Mike Bell (5) leads a pack of yellow-plated 500s into the first turn.

Over the course of motocross history, the 500cc class had been the premier showcase of the sport. The emphasis on the 450 four-stroke class has only been a recent trend—fueled by market forces and a strange twist in the AMA rule book. For the first 40 years, true success in motocross was measured by success in the 500cc class. Roger DeCoster was the 500 World Champion five times. Heikki Mikkola, the 1974 250 World Champion, used his 250 title as a springboard to get him into the 500 class (where he went on to win three crowns). Rolf Tibblin, Jeff Smith, Paul Friedrichs, Andre Malherbe, Hakan Carlqvist, Eric Geboers, Georges Jobe, Mark Blackwell, Brad Lackey, David Bailey, Ricky Johnson, Broc Glover, Jeff Ward, Jean-Michel Bayle, David Bailey, Jimmy Weinert, Marty Smith, Danny LaPorte, Jeff Stanton, Mike Kiedrowski and Mike LaRocco have all earned glory in the 500 class.


What was the aura that surrounded racing a 500? Exclusivity. Of all the men who have ever raced a 500cc two-stroke, only a few have ridden them to their potential, and the men that rode them best proudly stated that what they achieved on the big bikes ranks highest in their echelon of achievement. But, if the 500 class was the premier class for the first 40 years of the sport, what killed it? The list of suspects in the killing of the 500 class includes jealousy, poor bike sales and greed. 

Suspect one: Suzuki won its one and only 500cc National Championship in 1979, but sales of the mellow RM400 and RM465 were less than stellar and Suzuki quit making Open bikes in 1984. For the next decade, Suzuki watched the other brands garner 500cc glory. Suzuki wanted the 500 Nationals killed.

Suspect two: Yamaha was a big supporter of the 500 class starting in 1971. Yamaha won six of the 23 AMA 500 National Championships held; the last three titles on the antiquated, air-cooled, Yamaha YZ490. After they tried to race the cobbled-together-from-spare-parts WR500 in the 1991 Nationals, it became apparent that they were no longer competitive in the 500 class, so they joined Suzuki in the anti-500 camp.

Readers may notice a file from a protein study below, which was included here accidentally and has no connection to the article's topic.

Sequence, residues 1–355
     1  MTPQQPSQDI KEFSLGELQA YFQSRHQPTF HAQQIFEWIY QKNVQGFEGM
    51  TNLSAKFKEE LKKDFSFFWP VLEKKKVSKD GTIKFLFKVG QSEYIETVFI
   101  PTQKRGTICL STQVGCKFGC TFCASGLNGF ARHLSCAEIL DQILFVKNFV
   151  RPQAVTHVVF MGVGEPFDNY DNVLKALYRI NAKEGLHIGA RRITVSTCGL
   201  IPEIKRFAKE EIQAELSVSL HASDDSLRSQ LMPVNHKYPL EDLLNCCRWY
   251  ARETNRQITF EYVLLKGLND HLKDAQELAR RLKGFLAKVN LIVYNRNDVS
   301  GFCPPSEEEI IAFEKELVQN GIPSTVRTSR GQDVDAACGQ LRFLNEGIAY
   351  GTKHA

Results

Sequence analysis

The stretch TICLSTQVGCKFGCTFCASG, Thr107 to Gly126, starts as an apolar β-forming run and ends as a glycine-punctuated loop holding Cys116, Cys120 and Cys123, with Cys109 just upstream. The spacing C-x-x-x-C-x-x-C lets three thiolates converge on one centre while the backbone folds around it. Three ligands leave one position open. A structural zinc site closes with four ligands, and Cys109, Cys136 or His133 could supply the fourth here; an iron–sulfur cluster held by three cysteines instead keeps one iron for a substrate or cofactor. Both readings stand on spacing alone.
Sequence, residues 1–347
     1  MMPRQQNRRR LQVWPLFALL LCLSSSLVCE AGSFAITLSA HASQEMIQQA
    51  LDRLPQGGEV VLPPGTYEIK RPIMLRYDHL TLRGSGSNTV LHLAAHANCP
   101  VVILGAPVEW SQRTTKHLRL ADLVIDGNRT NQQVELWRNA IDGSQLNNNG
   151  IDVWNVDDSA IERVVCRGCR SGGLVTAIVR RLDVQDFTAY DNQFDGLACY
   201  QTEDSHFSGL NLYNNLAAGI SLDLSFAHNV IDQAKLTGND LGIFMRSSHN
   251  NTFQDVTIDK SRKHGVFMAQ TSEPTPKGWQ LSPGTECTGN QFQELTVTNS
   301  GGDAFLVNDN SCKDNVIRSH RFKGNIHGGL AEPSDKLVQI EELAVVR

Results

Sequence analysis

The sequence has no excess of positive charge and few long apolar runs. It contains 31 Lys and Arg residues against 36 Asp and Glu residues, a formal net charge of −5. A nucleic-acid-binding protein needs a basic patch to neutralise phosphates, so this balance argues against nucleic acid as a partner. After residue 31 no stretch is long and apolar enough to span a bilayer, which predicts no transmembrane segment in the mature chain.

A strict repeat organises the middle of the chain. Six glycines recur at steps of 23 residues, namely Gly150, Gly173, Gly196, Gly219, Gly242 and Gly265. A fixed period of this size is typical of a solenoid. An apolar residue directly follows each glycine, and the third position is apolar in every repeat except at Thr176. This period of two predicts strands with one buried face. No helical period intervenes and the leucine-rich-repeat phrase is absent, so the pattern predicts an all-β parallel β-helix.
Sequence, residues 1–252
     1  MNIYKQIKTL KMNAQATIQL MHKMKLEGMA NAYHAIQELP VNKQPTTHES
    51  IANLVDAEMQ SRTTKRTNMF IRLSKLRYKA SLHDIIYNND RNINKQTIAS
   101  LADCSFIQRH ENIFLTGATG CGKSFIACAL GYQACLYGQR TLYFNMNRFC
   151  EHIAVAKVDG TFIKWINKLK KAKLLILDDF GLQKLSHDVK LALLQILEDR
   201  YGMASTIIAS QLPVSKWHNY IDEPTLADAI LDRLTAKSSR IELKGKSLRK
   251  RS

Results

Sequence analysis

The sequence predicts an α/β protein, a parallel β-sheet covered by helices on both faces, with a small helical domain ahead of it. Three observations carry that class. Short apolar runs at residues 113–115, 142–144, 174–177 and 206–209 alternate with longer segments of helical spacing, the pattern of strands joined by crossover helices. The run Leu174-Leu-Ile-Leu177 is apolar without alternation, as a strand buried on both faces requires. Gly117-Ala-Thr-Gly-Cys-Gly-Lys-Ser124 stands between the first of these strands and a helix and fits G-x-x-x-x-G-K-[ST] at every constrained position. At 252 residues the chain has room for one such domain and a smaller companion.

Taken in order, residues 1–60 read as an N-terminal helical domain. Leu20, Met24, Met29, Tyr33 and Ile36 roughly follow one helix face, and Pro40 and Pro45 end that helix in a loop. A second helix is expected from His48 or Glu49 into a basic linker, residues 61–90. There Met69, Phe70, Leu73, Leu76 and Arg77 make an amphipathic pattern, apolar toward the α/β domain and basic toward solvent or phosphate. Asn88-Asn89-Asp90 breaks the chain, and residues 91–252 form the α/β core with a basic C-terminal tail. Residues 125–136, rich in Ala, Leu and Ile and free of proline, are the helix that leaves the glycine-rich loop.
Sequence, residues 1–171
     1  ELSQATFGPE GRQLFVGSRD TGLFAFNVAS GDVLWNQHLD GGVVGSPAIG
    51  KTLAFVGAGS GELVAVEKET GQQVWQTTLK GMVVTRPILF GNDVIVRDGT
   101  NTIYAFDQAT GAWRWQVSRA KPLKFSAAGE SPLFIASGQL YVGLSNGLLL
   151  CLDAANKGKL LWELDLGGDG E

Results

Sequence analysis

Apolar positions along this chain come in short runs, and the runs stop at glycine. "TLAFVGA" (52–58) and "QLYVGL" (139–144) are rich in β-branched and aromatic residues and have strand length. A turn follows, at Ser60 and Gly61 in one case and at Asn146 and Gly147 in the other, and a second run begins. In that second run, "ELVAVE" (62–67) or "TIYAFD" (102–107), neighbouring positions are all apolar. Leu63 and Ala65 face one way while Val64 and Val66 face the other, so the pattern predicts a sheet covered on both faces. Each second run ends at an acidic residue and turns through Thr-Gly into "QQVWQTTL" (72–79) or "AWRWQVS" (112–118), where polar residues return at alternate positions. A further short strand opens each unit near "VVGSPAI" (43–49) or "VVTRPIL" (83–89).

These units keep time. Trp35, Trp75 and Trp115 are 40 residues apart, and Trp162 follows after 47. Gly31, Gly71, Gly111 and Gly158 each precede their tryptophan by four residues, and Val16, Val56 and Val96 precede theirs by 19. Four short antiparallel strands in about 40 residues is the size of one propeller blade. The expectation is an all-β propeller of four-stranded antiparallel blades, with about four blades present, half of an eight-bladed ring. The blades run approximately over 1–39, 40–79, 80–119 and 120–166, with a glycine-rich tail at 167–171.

Doug Dubach racing the WR500 during the 1991 AMA 500 Nationals.

The 1991 Yamaha WR 500 was not competitive in the 500cc class. 

Suspect three: The AMA, or rather AMA apathy, was the third enemy of the 500 class. Dropping it made their lives easier. They liked that route.

Who killed the 500cc two-stroke? Well, it wasn’t Colonel Mustard in the library with a candlestick. It was a combination of forces, driven by all manner of motives, not the least of which was jealousy. What were they jealous of? That Honda, Kawasaki and KTM were getting publicity in a class that the others didn’t make bikes for. 

In the 1972 AMA 500 National Championships, there were eight marques represented in the 500 class—Kawasaki, Yamaha, CZ, Ossa, Suzuki, Bultaco, Maico and Husqvarna. When the 500 class officially died in 1993, there were three brands in the top 10—Kawasaki, Honda and KTM.

The 500cc enemies listed the dearth of machinery as a reason to drop the class. While it looked like a logical decision, it should be noted that the same statistics could be applied to all the classes over the same time period.

Amazingly, the AMA 500 National Championship is alive and well today. We just know it by a different name. What is it? It is hard to deny that the new 450 four-stroke class isn’t just a rebirth of the old AMA 500 National Championships.


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